ReSharper Jedi – FizzBuzz in under 4 minutes

Video (FLV/Flash, 3:55,06, CSA 0:00,00 no words/captioning)

Video link (please expand/full screen it’s viewed properly at 1024×768): 


About Chad Myers

Chad Myers is the Director of Development for Dovetail Software, in Austin, TX, where he leads a premiere software team building complex enterprise software products. Chad is a .NET software developer specializing in enterprise software designs and architectures. He has over 12 years of software development experience and a proven track record of Agile, test-driven project leadership using both Microsoft and open source tools. He is a community leader who speaks at the Austin .NET User's Group, the ADNUG Code Camp, and participates in various development communities and open source projects.
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  • Your mitachlorian count is through the roof. Be careful, you may be recruited to the darkside. Remember, Resharper works with…….VB.NET. Aghhhhh!!

    Very cool video Chad.

  • @Jason:

    Thanks man. For some reason the embeded video isn’t showing up. :(

  • Great job Chad. You showed a TDD approach and how Resharper will stub out the classes and methods that you use first in your tests. I would have preferred that you narrate your actions instead of the crappy music, but it was still worth watching.

    That said, I couldn’t help but think of the word “ceremony” while watching it. :)

  • Very impressive. Agree with Mike in that a slightly-longer, narrated version would be more practical as a teaching tool but your version does prove a point. Roy’s Keyboard Jedi to show the shortcut keys would also help.

    Tip: When you create a constructor with a parameter, you can press Alt-Enter on each of the parameter variables to automatically create a backing field and set it in the constructor. Use the options to set a naming convention (i.e. prefixing it with an underscore). R# also offers a tip to convert it to readonly as well.

  • Matthew Brubaker

    Of interesting note to the FizzBuzz test. In the case of testing the third output. If the two numbers are taken x and y, you can test if the number is divisible by the least common multiple of x and y and achieve the same result.

    For instance, if, as in the case in the video, the numbers are 3 and 5, you can test if the number is divisible by 15 to determine if you should print the number.

    Just a mathematical observance.

  • Is anyone making videos that help you learn good r#-fu? Videos like this remind me what I’m missing out on but they don’t really help with actually learning all the tricks.

  • @Mike: Thanks for peeing in my corn flakes :)

    @Kyle: Yeah, I noticed the c’tor thing in post-production, but I didn’t feel like re-recording the whole thing again :( Maybe v2

    @Matthew: Thanks! The point of this wasn’t really to say how to do TDD or FizzBuzz best, mainly just to show kind of how the workflow of TDD works with ReSharper vs. plain vanilla VS.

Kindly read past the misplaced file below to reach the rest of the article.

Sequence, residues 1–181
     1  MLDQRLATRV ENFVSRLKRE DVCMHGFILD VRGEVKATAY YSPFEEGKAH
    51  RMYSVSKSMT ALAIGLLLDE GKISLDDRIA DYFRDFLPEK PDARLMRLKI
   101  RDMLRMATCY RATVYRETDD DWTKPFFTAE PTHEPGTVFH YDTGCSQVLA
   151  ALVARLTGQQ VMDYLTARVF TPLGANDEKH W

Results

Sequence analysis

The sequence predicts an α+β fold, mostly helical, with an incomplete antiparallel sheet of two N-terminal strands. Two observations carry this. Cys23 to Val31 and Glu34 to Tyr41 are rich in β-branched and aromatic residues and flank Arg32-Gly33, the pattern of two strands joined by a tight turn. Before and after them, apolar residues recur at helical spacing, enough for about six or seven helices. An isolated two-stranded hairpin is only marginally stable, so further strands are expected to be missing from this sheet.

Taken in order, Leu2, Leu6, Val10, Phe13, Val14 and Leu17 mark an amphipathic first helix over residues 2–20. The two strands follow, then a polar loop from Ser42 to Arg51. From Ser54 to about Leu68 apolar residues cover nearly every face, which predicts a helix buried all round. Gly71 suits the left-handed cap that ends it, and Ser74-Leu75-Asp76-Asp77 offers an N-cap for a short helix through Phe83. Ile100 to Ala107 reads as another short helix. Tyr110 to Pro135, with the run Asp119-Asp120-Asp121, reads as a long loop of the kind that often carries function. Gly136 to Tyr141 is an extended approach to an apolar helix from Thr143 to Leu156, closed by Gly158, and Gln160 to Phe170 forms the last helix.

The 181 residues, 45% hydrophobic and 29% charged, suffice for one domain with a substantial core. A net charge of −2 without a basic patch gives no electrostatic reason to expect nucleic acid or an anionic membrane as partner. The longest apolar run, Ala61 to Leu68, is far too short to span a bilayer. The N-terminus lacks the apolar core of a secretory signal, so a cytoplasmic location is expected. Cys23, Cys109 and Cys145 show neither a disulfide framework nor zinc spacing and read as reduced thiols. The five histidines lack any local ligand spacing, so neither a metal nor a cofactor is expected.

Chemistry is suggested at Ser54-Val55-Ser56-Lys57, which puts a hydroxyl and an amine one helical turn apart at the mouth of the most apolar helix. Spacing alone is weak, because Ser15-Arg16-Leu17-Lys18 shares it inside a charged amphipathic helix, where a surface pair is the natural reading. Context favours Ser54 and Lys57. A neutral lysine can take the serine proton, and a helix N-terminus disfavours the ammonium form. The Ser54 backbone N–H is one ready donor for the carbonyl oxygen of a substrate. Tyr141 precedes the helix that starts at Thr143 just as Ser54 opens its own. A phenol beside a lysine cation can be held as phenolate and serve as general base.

@Paul: Yeah, my point wasn’t necessarily for this to be a step-by-step thing. The point was to show people who were asking me what I was talking about when I said things like “do TDD the ReSharper way versus the VS way.” Several people asked me to explain what I meant, this video is for them (and anyone else curious).

    Was there anything you saw, particularly, that you were curious about (i.e. “how’d you do THAT?”)?

  • No problem, man. That is the exact reason I keep my little toe in the .NET world. :D

  • Hi Chad, I don’t think there was anything in particular. I suppose if there was a version of your video that explained each trick and shortcut then I could try to mimic the steps in the video, and that would be useful.

    But let me ask you this: how did you learn your R#-fu? Did you have sessions where you sat down and said “ok, I’m gonna learn how to be better at resharper”? Did you just pick it up very slowly during your normal work? What about pairing sessions with other jedi, did that have a big effect?

  • @Paul:

    I considered doing another video that explained the shortcuts and techniques. I may yet do that. Let me think about how that might work.

    RE: How’d I learn: I played and fumbled around with it myself. The first, biggest thing that put me on the road to expert was NOT using the Visual Studio shortcuts, but instead using the IntelliJ shortcuts. This was VERY painful, but worth it in the end. The second thing was just sticking with it and not giving up. I had to have faith in others who said it was worth it. Finally, pairing with some other folks who were experts and having them smack my hand every time I reached for the mouse or tried to do something manually that was already automated by R#.


  • Why were you better off using intelliJ shortcuts?

  • It’d be cool to do this video with Roy’s Key Jedi tool running also (

  • Derik Whittaker


    I actually have a few R# videos coming out starting next week that use Keyboard Jedi to show you the short cuts.

    Check out for the video’s

  • I enjoy the dimecast videos Derik, so I’m looking forward to that series on R#!

  • joe


    Whats the magic shortcut to get the r# test runner to run without fiddling with the mouse?

  • @joe:

    Bind a key (CTRL+1 in my case) to ReSharper.ReSharper_UnitTest_ContextRun.

    With your cursor anywhere inside the curly brackets of your test or test fixture, press CTRL+1 and it’ll run that test or test fixture (respectively).

    To close the test runner toolbar window, SHIFT+ESC.